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Bible Commentaries

Joseph Benson's Commentary of the Old and New Testaments
Micah 6

 

 

Verse 1-2

Micah 6:1-2. Hear now what the Lord saith — Here begins a new discourse, respecting the causes of the evils which hung over the Jewish nation. Arise — This is God’s command to Micah; contend thou before the mountains — Argue the case between God and thy people; and speak as if thou wouldest make the mountains hear thee, to testify for me. Hear, O ye mountains — God often appeals to inanimate creatures for the justice of his proceedings, thereby to upbraid the stupidity of men; the Lord’s controversy — Or the Lord’s cause or matter of complaint. Here the prophet begins to execute what he had been commanded in the preceding verse. And ye strong foundations of the earth — He alludes to a fabric raised on immoveable foundations, but, strictly speaking,

“The earth self-balanced on her centre hangs.”

For the Lord hath a controversy with his people — He will enter into judgment with them, for their impieties, as being injurious to his honour, and for which his justice demands satisfaction.


Verse 3-4

Micah 6:3-4. O my people, what have I done unto thee? — What injustice or unkindness? Wherein have I wearied thee? — What grievous, burdensome impositions have I laid upon thee? Or, what have I done, or said, or enjoined, to cause thee to be weary of me? The words allude to the forms of courts of justice, wherein actions are tried between man and man. God allows his people to offer any plea which they could in their own behalf. For I brought thee out of Egypt, &c. — Here, on the other hand, God puts them in mind of the great favours he had bestowed upon them in delivering them out of the Egyptian bondage, by the conduct of Moses and Aaron, and Miriam their sister, who is here mentioned as having been endued with the spirit of prophecy, and raised up to be an assistant to her brothers, and an example and counsellor to the women.


Verse 5

Micah 6:5. O my people, remember, &c. — Call to remembrance what Balaam said in answer to Balak, when he consulted him, namely, that there was no enchantment against Jacob, &c., nothing that could be done against them, nothing that could overthrow them but their own sins; that they were blessed, and it could not be reversed by any thing but their own forsaking God and his service, under whose particular protection they were. From Shittim unto Gilgal — From the encampment at Shittim, Numbers 25:1, on the way to that at Gilgal, Joshua 4:19. Balaam gave different answers in the interval between those places. But some think this sentence should not be connected with what goes before, but that it begins a new sentence, the purport of which is, Remember, O my people, from Shittim unto Gilgal; that is, what things I did, what benefits I bestowed upon you, from the time you were at Shittim till you came to Gilgal. God had indeed before bestowed upon them great benefits, but at this particular time they received more than ordinary instances of his kindness toward them, particularly in causing the waters of Jordan to run back, to let them pass through; and in the fall of the walls of Jericho. That ye may know the righteousness of the Lord — His mercy, justice, truth, and faithfulness.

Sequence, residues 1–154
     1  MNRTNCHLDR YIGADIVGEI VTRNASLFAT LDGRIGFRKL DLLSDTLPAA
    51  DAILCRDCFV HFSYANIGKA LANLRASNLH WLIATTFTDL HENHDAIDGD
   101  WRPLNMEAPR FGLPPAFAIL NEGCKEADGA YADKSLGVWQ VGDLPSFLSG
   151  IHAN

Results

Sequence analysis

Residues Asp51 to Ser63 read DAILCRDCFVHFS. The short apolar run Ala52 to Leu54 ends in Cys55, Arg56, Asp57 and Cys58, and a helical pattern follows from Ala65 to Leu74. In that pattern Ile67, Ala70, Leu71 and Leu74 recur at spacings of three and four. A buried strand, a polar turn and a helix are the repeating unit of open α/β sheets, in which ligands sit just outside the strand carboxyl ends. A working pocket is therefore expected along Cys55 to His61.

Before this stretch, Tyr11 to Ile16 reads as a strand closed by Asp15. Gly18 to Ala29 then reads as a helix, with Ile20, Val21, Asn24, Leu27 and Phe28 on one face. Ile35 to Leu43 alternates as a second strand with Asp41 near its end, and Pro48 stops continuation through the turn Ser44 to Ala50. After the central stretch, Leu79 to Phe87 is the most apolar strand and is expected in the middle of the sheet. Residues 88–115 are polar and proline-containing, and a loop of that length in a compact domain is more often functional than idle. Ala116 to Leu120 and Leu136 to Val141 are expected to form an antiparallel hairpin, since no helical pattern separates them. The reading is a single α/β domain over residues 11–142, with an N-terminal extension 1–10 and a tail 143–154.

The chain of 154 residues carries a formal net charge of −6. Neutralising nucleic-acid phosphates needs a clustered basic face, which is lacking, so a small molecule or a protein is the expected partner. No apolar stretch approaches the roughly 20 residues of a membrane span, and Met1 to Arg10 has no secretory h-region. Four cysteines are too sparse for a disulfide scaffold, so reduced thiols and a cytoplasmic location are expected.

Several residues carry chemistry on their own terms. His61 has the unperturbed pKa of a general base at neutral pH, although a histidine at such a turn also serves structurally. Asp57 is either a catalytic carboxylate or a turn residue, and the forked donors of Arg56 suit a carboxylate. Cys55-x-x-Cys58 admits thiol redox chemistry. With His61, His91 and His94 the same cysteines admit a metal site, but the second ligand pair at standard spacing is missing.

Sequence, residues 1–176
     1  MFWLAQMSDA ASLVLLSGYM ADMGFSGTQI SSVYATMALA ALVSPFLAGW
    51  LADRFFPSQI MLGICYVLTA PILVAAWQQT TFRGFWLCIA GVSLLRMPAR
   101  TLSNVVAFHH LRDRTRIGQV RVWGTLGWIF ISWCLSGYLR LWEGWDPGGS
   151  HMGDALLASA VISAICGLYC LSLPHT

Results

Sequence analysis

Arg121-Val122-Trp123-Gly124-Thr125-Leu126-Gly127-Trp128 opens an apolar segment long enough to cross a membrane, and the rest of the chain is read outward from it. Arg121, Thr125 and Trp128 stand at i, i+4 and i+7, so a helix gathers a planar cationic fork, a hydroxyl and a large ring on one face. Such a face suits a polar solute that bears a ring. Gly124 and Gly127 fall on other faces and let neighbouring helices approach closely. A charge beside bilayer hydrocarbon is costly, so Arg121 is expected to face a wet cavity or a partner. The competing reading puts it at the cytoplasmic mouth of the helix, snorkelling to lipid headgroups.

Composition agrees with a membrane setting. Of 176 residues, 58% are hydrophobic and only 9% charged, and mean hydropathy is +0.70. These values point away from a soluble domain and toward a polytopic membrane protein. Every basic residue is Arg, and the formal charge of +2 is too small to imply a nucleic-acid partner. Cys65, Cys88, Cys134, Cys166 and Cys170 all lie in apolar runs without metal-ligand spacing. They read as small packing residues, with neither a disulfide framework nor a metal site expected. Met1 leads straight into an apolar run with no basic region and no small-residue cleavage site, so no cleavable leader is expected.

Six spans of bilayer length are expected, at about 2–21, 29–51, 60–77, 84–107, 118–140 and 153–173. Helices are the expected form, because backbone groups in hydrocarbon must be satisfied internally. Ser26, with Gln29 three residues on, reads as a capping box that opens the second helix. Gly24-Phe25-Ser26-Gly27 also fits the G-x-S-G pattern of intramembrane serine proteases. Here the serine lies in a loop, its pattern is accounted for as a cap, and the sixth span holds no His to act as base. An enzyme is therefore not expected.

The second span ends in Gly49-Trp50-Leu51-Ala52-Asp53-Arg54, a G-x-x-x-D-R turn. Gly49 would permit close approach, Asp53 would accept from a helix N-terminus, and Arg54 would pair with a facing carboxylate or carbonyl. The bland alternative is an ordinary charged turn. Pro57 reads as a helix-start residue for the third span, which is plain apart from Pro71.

Verse 6-7

Micah 6:6-7. Wherewith shall I come before the Lord — After the preceding reproof of the people’s ingratitude, they are here introduced as anxiously inquiring how they may propitiate God’s displeasure, and avert his judgments. They intimate that they are ready to offer any expiatory sacrifices, though never so costly, for that purpose. Shall I come before him with burnt-offerings, &c. — Will God accept of the ordinary sacrifices, such as we have offered on other occasions, as an atonement for sin? Will the Lord be pleased with thousands of rams, &c. — With a prodigious number; or ten thousands of rivers of oil — Were it possible to give them? Doth he expect more costly sacrifices than ordinary? We are ready, if that will appease him, to offer up to him multitudes of rams, and to add meat-offerings, prepared with oil, in proportion, though it should cost us an immeasurable quantity of that article. Shall I give my firstborn, &c. — The dearest of my offspring, or any other of my children, to Jehovah, by way of atonement for my transgression? It is well known that the Phenicians, and their descendants the Carthaginians, sacrificed their children to Saturn or Molech, and in their great dangers they were wont to offer the dearest of them. And some of the idolatrous Jews and Israelites imitated this horrid practice: see note on Leviticus 18:21, where God in a solemn manner prohibits it, as he frequently does elsewhere. These two verses give us an exact description of the character of hypocrites and habitual sinners, who hope to obtain God’s favour by performing certain external ceremonies; and are willing to purchase their own pardon upon any terms, except that of reforming their lives.


Verse 8